Dr Alisa Glukhova
Walter and Eliza Hall Institute of Medical Research, Melbourne
2021 CSL Centenary Fellow
Alisa Glukhova is investigating a fundamental cell communication system that guides the growth of embryos but, when it goes wrong, can contribute to cancer and other diseases.
By determining the structure and shape of the Frizzled protein, she hopes to create a path to new kinds of cancer drugs.
The cells in our body need to be told when to grow, what to become, when to multiply – even when to die.
But with close to 40 trillion cells in our bodies – and an unimaginable number of molecules in those cells – it is easy to see how things can go horribly wrong. And the result of those molecular misunderstandings can be catastrophic – a cascade of misinformation that can lead to the uncontrolled division of cells that is one of the hallmarks of cancer.
One of the key signalling systems in this process is the Wnt system. It’s so fundamental to life, it’s found in fruit flies, sponges, and humans.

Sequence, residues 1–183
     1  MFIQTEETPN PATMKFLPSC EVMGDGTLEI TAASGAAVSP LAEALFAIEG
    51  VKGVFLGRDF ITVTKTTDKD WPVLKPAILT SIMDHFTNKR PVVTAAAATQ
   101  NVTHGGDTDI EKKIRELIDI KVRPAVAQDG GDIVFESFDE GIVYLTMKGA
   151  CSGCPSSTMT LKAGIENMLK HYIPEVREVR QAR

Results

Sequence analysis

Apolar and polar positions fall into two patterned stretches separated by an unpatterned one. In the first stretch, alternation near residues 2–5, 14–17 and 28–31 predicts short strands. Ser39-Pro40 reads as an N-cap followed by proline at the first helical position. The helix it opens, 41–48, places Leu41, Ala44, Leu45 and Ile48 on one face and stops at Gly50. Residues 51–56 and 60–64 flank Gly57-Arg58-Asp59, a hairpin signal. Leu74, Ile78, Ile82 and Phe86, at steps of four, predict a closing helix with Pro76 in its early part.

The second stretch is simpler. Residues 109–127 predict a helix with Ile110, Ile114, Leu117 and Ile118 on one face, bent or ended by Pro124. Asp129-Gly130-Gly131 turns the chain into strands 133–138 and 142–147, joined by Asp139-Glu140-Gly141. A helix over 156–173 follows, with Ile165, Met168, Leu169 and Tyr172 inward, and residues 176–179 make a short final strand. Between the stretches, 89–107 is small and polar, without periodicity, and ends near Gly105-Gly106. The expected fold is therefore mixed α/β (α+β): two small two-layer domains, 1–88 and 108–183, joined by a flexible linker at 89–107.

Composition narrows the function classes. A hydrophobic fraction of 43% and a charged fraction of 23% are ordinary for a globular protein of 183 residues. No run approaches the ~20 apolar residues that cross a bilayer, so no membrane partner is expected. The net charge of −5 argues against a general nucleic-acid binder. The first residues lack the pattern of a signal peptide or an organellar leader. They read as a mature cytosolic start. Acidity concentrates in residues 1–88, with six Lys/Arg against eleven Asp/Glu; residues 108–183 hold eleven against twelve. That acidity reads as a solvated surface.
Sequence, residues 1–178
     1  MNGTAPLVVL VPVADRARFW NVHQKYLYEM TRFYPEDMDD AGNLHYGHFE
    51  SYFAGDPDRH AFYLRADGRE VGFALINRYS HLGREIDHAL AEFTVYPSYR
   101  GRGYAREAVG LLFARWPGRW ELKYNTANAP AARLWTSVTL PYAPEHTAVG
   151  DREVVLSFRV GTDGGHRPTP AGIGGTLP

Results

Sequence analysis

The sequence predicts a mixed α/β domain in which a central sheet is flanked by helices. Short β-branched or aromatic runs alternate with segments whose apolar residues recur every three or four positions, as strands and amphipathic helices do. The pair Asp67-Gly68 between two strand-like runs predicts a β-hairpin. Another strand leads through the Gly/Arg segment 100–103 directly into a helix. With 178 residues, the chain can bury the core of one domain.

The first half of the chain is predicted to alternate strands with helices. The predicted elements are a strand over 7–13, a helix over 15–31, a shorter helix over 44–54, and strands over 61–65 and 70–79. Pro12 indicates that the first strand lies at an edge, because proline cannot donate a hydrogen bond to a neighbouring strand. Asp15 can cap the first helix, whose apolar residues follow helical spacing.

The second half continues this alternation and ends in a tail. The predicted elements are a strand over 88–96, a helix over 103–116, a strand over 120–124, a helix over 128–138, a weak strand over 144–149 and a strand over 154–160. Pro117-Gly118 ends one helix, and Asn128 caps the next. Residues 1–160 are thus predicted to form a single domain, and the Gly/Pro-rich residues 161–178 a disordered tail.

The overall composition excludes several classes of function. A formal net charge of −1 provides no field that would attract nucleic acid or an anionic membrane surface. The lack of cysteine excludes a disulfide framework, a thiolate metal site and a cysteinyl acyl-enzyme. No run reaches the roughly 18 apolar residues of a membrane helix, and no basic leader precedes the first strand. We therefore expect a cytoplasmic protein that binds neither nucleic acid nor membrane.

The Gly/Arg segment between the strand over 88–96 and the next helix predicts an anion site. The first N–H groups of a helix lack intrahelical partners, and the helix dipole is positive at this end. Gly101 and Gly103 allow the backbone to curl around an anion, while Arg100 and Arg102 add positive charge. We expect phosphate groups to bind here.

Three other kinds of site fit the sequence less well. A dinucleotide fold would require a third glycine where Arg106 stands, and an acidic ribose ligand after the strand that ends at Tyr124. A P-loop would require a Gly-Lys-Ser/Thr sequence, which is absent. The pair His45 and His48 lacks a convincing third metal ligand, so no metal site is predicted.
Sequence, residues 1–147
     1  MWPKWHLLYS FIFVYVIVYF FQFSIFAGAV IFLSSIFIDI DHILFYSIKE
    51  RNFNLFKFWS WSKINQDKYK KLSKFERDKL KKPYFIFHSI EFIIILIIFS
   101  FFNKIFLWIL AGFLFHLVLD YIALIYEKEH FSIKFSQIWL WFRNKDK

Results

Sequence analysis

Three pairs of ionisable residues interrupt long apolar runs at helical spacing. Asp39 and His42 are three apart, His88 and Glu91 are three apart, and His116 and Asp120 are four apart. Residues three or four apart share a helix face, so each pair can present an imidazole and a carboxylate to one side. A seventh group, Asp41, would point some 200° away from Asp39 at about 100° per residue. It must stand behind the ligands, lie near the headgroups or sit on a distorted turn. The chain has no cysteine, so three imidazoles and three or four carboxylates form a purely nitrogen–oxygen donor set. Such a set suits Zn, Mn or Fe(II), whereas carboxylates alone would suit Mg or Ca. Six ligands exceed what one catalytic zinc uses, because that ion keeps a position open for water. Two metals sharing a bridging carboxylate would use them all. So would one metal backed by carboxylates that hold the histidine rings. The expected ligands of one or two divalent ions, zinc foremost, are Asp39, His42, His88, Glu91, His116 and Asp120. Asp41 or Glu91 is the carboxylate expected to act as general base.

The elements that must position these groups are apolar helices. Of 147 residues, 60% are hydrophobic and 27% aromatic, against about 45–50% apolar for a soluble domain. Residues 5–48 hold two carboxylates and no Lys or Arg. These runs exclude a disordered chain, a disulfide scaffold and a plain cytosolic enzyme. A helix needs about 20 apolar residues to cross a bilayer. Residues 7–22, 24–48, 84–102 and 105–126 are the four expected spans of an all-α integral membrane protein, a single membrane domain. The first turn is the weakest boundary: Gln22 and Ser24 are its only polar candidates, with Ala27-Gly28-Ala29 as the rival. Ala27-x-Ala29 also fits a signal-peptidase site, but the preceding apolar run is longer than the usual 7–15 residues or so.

We know very little about how Wnt signalling works – a gap in our knowledge Alisa hopes to close thanks to her $1.25 million CSL Centenary Fellowship.
That grant will support her work studying the signalling events surrounding Frizzled receptor proteins that lie on the surface of cells and act as tiny inboxes that receive messages from other cells.
We do know that many drugs can influence the Wnt signalling systems, including Frizzled receptors.
“We want to find new effective drugs that work with these receptors, or just to make ones we are already using work better,” Alisa says. But to do that we need to understand their shape and structure.
Alisa is bringing the latest technology to the task, using X-ray crystallography and cryo-electron microscopy. She will look at the structure of the proteins in a crystal form using synchrotron X-rays and she will visualise individual flash-frozen protein molecules using electron microscopy.
Alisa says that the five years of CSL Fellowship support will give her time to gain a fundamental understanding of the Wnt pathway that could then lead to the design of new classes of cancer drug.